Needle and thread grass, one of the many grasses in the prairie.
Needle and thread grass is one of many grasses in the prairie.  The seed head has a sharp point and a long tail to aid the planting of the seeds.
Agate supports several species of grasses, which are mostly found on the slopes and buttes throughout the park, but a few species are found in the wetter, riparian areas. As a mixed grass prairie, Agate's grasses are generally less than four feet tall. All grasses are of the family Poaceae, also called Gramineae, which is considered the third largest family of flowering plants in the world. The grass family includes many production crop species such as corn, rice, wheat, and sugarcane. Grasses can be distinguished from other plants by their hollow, herbaceous stem, narrow leaves with parallel veins, and small flowers.

The leaves of grasses are specialized to cope with the arid environments they inhabit. As wind blows across plant leaves, it takes valuable moisture from the plant. Grasses have vertical leaves to minimize this loss while maximizing surface area for photosynthesis. Another adaptation grasses have made due to environment is their rooting system. Roots are extensive, which allows the plants to absorb moisture from different layers of the ground and to limit competition. Based on rooting types, grasses can be divided into two groups, bunch grasses and sod forming grasses.
Prairie grasses on a hillside.
Prairie grasses form the sod that homesteaders cut into block to build their houses where there was a shortage of trees for lumber.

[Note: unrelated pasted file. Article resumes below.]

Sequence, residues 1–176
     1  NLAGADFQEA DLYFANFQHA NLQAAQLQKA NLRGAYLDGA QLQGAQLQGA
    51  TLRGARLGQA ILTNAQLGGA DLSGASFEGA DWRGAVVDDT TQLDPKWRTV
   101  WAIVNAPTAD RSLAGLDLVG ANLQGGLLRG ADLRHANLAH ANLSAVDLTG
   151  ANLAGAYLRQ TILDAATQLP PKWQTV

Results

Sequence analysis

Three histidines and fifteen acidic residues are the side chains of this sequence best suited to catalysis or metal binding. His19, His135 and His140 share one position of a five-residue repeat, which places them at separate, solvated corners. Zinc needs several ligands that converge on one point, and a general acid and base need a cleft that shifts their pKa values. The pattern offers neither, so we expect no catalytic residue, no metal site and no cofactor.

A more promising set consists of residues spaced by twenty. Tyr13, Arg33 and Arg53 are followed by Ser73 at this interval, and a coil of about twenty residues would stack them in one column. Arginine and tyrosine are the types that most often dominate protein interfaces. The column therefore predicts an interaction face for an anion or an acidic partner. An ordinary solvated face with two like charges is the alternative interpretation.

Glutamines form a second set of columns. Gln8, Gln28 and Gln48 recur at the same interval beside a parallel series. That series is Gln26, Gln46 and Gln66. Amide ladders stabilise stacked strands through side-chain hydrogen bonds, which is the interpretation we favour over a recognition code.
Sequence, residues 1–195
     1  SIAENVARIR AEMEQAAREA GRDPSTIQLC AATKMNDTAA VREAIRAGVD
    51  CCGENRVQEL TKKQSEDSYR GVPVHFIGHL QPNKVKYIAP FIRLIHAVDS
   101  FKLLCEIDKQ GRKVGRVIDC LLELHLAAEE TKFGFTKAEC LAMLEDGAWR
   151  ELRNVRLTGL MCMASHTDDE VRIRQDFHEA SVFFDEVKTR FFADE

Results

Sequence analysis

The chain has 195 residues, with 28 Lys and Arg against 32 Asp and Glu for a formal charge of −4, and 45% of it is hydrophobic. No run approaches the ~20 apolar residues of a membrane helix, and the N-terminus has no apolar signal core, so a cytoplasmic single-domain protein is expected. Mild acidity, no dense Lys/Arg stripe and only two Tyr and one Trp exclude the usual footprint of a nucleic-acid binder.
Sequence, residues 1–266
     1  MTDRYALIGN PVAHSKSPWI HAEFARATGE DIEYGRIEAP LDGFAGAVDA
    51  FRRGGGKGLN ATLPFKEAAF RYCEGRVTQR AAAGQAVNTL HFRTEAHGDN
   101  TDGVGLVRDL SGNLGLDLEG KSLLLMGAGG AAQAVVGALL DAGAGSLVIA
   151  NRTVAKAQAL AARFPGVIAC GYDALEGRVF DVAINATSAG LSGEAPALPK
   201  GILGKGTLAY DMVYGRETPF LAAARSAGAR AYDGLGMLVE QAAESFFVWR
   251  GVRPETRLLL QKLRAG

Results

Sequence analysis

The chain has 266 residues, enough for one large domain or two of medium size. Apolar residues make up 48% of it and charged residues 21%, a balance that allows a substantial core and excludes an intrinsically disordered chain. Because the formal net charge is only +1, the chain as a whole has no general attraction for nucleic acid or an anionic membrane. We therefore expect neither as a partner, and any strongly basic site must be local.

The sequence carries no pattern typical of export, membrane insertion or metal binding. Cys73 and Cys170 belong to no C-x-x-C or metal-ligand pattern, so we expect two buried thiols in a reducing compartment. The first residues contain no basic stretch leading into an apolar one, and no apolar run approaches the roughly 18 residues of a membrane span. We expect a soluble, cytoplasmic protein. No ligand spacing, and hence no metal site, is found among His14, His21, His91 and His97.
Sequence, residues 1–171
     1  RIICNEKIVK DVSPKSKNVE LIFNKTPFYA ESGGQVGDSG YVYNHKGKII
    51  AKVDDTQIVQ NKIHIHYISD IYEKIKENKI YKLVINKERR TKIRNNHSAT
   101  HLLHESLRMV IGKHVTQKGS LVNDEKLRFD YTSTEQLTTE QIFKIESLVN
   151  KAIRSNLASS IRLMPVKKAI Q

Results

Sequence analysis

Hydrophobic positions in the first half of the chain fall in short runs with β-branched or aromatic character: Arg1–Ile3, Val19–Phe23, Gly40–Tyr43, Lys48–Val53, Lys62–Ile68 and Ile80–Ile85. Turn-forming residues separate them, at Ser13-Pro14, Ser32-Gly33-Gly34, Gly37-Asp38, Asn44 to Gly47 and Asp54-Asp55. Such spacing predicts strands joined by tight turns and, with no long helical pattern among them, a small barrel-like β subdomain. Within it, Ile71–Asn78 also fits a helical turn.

Sod is created by grasses growing close together with an abundance of small roots and shoots that reproduce into new plants. These shoots are called rhizomes when below ground and stolons when above ground. Extensive roots serve two purposes, to anchor the plant against the wind and to block out competition from other species. Sod forming grasses are usually dominant in the wetter years and in wetter areas. Bunch grasses tend to thrive in drier years and drier areas due to their spacing. Bunch grasses grow in scattered clumps with more space in between plants to limit competition for soil nutrients and water. Sod houses were built by early homesteaders in this area as shelters due to the lack of trees and other building materials. Sod is the upper stratum of soil held together by grass roots. It was cut out of the ground into long brick-shaped sections and piled to construct homes.

Crested wheat grass is an introduced bunch grass that is seldom seen in the park.
Crested wheat grass is an introduced bunch grass that is seldom seen in the park.

Cheat grass or downy brome grass is a sod forming grass that was introduced from Europe in the 1800s and often takes over areas disturbed by grazing and fire. Cheat grass is present in a few disturbed sites of earlier homesteaders. Crested wheat grass is an introduced bunch grass from Russia but is found in scattered locations throughout the park. The threadleaf sedge, a grass-like species that is not a true grass is prominent at Agate and serves as part of the prairie grassland system.

Text by Kimberly Howard, Biological Science Technician, Agate Fossil Beds National Monument.

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